Director – Brian Fee, Screenplay – Kiel Murray, Bob Peterson & Mike Rich, Story – Brian Fee, Eyal Podell, Ben Queen & Jonathon E. Stewart, Producer – Kevin Reher, Photography (3D) – Jeremy Lasky, Music – Randy Newman, Animation Supervisor – Bobby Podesta, Production Design – William Cone & Jay Shuster. Production Company – Pixar Animation Studios.
Owen Wilson (Lightning McQueen), Cristela Alonzo (Cruz Ramirez), Chris Cooper (Smokey), Nathan Fillion (Sterling), Larry the Cable Guy (Mater), Arnie Hammer (Jackson Storm), Ray Magliozzi (Dusty), Tony Shalhoub (Luigi), Bonnie Hunt (Sally), Lea deLaria (Miss Fritter), Kerry Washington (Natalie Certain), Margo Martindale (Louise Nash), Bob Peterson (Chick Hicks), John Ratzenberger (Mack), Lewis Hamilton (Hamilton), Lloyd Sher (Fillmore), Humpy Wheeler (Tex), Kyle Petty (Cal Weathers)
On the racetrack, Lightning McQueen finds himself being beaten at every opportunity by newcomer Jackson Storm who has gained an advantage through precision computer tests and simulators. As a result, Lightning is ridiculed as being old and over the hill in the media. His sponsorship contract is bought out by Sterling who promises to place Lightning through a hi-tech workout to get him back in shape. He is placed under the trainer Cruz Ramirez but Lightning has no aptitude for her methods and hi-tech workout regimen. Lightning longs to get away onto a real racetrack and takes Cruz out to race on a beach but she is out of her depth without her simulations. They accidentally end up entering into a stock car derby and Cruz winning. She confesses how she always wanted to be a racing driver but was not taken seriously. Lightning realises that the only way he will be able to get back into shape is for them to set out to find Doc Hudson’s mentor Smokey.
Cars (2006), directed by Pixar founder John Lasseter, was one of the hits from the period 1995-2009 – the era that stretched between Toy Story (1995) and Up (2009) – where it seemed that Pixar could put no foot wrong. Among these, Cars, while by no means not a failure for Pixar at the box-office, has gained more mixed reviews that any other Pixar film from this period. Despite this, Cars 2 (2011) was the second occasion that Pixar made a sequel after regaining the rights to their own characters back from Disney. Not to mention that the Cars series has also been dragged out by Disney (without Pixar’s involvement) as the Planes series of films, consisting of Planes/World of Cars: Planes (2013) and Planes: Fire & Rescue (2014). The 2010s gave birth to the second phase of Pixar where they started manically sequelising their own product with the likes of Toy Story 3 (2010), Monsters University (2013), Finding Dory (2016), Incredibles 2 (2018), Toy Story 4 (2019) and Lightyear (2022), all to generally lesser quality than the originals, and where their original product began to seem more diluted than it once was.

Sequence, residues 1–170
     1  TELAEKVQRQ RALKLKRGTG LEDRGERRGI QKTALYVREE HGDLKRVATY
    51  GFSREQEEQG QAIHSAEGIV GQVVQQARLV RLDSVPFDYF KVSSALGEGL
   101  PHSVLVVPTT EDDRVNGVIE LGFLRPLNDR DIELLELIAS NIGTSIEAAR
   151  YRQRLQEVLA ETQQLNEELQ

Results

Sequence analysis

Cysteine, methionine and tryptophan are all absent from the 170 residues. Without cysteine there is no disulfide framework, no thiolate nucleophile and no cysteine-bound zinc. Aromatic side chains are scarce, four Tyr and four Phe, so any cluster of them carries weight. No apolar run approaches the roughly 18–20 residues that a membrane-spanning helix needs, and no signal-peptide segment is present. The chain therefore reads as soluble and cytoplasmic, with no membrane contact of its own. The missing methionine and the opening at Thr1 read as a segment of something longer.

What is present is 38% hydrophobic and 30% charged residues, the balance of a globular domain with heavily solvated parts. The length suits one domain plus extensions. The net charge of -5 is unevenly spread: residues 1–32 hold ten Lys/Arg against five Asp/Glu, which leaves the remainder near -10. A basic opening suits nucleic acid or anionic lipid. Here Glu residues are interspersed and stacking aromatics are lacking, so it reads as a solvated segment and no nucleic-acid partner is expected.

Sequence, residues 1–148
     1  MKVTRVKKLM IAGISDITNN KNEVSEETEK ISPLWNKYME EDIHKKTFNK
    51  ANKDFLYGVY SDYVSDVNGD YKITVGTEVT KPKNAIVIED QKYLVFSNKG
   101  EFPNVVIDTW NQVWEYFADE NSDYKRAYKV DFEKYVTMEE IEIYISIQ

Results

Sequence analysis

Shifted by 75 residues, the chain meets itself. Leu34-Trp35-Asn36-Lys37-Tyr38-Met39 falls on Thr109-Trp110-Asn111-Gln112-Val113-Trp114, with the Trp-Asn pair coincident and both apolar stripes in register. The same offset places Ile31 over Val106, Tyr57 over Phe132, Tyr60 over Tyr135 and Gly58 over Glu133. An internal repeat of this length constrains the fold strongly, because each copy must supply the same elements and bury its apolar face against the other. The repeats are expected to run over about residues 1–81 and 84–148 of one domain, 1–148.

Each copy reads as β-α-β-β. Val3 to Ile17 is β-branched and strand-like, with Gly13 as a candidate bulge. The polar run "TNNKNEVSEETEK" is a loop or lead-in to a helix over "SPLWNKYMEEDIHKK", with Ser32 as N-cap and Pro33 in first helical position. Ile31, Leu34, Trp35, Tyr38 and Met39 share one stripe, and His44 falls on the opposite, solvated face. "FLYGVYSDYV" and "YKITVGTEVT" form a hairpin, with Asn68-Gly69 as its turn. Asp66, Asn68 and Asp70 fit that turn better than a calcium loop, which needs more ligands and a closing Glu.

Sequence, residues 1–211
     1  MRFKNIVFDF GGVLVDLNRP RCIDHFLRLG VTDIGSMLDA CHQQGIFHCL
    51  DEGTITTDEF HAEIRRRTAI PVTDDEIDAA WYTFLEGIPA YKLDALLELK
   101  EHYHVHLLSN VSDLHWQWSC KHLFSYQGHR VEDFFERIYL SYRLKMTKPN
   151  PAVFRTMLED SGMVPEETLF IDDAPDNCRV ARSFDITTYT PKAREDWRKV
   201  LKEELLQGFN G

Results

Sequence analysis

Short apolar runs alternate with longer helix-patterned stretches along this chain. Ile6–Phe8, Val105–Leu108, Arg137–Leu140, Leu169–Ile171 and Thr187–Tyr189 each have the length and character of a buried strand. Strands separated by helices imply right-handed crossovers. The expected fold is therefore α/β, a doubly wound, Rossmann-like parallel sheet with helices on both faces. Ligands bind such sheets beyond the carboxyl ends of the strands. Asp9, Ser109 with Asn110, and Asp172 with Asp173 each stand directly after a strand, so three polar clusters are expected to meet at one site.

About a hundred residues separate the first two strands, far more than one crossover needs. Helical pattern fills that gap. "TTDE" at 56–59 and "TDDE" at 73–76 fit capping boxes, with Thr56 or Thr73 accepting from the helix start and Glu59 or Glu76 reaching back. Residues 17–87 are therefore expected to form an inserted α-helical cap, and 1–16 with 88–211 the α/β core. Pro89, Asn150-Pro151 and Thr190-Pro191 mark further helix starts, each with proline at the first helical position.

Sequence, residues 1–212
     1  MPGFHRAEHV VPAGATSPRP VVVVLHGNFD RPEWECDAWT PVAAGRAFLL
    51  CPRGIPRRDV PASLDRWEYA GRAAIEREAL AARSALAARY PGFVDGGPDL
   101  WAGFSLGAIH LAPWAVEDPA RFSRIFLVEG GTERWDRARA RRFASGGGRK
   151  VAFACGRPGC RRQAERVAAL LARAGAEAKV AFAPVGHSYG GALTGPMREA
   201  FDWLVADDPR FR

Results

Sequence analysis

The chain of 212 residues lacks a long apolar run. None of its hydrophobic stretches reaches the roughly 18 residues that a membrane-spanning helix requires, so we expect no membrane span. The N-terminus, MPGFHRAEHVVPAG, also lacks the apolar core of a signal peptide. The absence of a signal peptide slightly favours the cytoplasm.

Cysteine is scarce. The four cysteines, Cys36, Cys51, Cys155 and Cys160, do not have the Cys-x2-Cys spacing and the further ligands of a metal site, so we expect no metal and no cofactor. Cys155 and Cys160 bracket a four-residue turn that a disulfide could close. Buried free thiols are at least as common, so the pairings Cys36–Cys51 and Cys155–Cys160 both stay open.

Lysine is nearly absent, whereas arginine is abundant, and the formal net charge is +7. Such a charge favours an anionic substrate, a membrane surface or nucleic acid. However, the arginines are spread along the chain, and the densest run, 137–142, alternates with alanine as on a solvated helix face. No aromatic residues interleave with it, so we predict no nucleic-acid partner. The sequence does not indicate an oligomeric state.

Cars 2 received even more mixed reviews than Cars did. Despite this, Pixar have continued on to make a further sequel here. John Lasseter has stepped back from the director’s chair in favour of newcomer Brian Fee, a storyboard artist on the previous Cars films and other Pixar works. Most other modern animated sequels – particular offenders being almost anything from Blue Sky and the Despicable Me films – fail badly because they do nothing more than banally escalate the mundane domestics of the scenario, having the characters find love interests, long lost family members or have children. The Pixar sequels have smartly avoided this by opting for adult character arcs.
That said, the character arc here quite astonishes you. Cars was a hero-learns-hubris/comeback story, Cars 2 was a light-hearted spy caper. On the other hand, Cars 3 is a film that is all about its hero feeling over the hill and his struggle to get back in the game and beat the young whippersnapper that is outrunning him. For a series that prides itself on being family entertainment, this is a surprisingly downbeat and negative storyline – it is a middle-aged person’s character arc. After all the anthropomorphic fun with the vehicle characters in the other films, there is not something very inspiring about watching Lightning going about training routines and failing or frequently giving up on trying.
The middle of the film becomes little more than a series of races in different environments as Lightning and Cruz set out on a road movie quest of sorts. The film feels like it is straining in trying to make these scenes interesting. It does however go off at a surprise left field tangent at the end, which arrives at quite an emotionally satisfying ending. It is also one that brings the Cars series to a firm conclusion – it would be hard to see Pixar making a Cars 4 after this without it being seen as exploitation.